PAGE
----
The Father of Bay Charter Fishing
Almost 100 years ago, peolpe were astounded to find such large fish
When Lester Trott, 95 years old this year, was born in Annapolis, the capital city had scarcely 9,000 residents.
Les and his family, which included two older brothers, lived for a time in Eastport on Duvall’s Cove (or Well’s Cove), swimming in the clear waters of Spa Creek and trapping muskrats to sell their hides for pocket money. They netted big eight-inch-plus blue crabs — called channel crabs because of their size — that had molted and were hiding in the thick grass growing in the shallows in front of their house.
If you didn’t catch blue crabs, you could buy them for 25 cents a dozen.
There was no such thing as a charter fishing boat. After Labor Day, fishing on the Bay gave way to hunting season.
Boating on the Chesapeake was all business with the exception of a few yachtsmen with custom-made sailboats.
Booking the First Charter
Soon after Lester’s birth, his father, Thomas, a dedicated angler and waterman, started the first charter-boat sport-fishing business in Annapolis with his 32-foot boat, the Maryland, a Potomac Dory. This 1918 venture proved successful. Lester’s first memories are of walking with his dad to their boat, moored at City Dock, and talking to prospective customers.
One October, his dad convinced a couple of sportsmen to go fishing. They caught so many big stripers it made the news, even the Baltimore papers. People were astounded that such large fish were here in the colder weather. Thomas Trott became the preeminent sport-fishing skipper on the Chesapeake.
The First Lure on the Bay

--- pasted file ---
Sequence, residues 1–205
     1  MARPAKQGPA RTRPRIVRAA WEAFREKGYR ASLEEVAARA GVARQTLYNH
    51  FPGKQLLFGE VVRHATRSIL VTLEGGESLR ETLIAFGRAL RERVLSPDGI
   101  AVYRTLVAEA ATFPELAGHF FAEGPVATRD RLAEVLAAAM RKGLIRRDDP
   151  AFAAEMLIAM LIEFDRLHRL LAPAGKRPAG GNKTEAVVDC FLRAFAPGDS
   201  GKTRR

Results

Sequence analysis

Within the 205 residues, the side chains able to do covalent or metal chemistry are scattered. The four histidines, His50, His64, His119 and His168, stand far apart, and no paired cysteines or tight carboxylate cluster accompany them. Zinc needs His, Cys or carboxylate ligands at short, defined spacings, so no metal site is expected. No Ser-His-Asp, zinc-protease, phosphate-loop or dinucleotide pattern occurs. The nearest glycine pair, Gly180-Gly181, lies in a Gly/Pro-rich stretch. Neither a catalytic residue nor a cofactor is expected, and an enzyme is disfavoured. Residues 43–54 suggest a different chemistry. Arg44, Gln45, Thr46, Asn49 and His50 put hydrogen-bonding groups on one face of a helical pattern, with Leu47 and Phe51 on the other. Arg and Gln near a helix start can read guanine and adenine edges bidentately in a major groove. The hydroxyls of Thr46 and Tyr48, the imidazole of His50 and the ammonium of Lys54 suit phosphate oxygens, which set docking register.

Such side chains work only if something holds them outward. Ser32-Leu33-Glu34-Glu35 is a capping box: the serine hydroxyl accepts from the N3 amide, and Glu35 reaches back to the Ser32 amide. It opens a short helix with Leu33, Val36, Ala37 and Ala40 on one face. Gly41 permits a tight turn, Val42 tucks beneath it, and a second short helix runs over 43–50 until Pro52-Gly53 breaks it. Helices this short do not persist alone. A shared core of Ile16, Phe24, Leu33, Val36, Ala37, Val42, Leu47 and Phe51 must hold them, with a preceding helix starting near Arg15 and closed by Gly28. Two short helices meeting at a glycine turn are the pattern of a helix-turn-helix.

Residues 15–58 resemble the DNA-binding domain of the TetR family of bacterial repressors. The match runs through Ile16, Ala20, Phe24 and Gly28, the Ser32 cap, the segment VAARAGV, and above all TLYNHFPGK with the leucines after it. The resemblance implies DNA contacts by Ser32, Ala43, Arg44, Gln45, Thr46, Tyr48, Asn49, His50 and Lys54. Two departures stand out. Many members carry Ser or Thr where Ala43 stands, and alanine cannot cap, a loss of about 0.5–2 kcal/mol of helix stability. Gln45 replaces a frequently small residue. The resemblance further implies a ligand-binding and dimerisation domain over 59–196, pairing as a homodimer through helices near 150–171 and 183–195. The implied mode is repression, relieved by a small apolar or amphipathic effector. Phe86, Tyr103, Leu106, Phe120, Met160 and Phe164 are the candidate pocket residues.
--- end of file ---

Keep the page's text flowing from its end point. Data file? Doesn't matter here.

In 1928, a 50-foot boat from New England cruised into Annapolis harbor, L.B. Huntington at the helm. Huntington was promoting an unheard of fishing item, an artificial lure he had invented. He wanted the best captain in the Bay to introduce the Huntington Drone Spoon, and he sought out Thomas Trott.
At that point in saltwater fishing, options were simple: bait fishing, period. You had your choice of crab, cut fish or clams. The flashing Huntington Drone Spoon was designed to imitate a swimming alewife or herring and to be trolled behind the boat. Tom Trott was eager to help introduce the lure. It proved an instant winner.
Trott and Huntington expanded their mutual sport fishing charter operations to the lower Potomac. Trott built a comfortable 50-foot cabin cruiser with accommodations for his whole family. During the summer months when the kids were out of school, they would live on board the boat at St. Patrick’s Creek on the Potomac River, their new charter-fishing operation center.
Carrying on His Father’s Work
Over the younger Trott’s lifetime, the fleets filling the Annapolis harbor and the surrounding marinas transitioned from skipjacks, bugeyes and deadrises to motor cruisers, sailboats and sport-fishing boats. Many of the new craft were constructed locally by names such as Trumpy, Chance, Rogers and the Annapolis Yacht Yard as Annapolis grew into the recreational boating capital of the Eastern Seaboard.
Lester loved boats, but he made his living promoting their pleasures in magazines, advertising and tourism. He had a hand in the creation of the first Bay boating magazine, The Chesapeake Skipper, and was loosely associated with the publication in its various forms for years. The Skipper evolved into Chesapeake Bay Magazine.
Lester moved into tourism, promoting Annapolis as a boating and sailing destination helping launch the U.S. Boat Shows in Annapolis, creating Chesapeake Appreciation Days and working in Maryland’s first state-wide tourism initiatives.
He still watches over the water from the home in Chesapeake Harbor he shares with Jerri, his wife of 62 years. Two daughters and their families live nearby.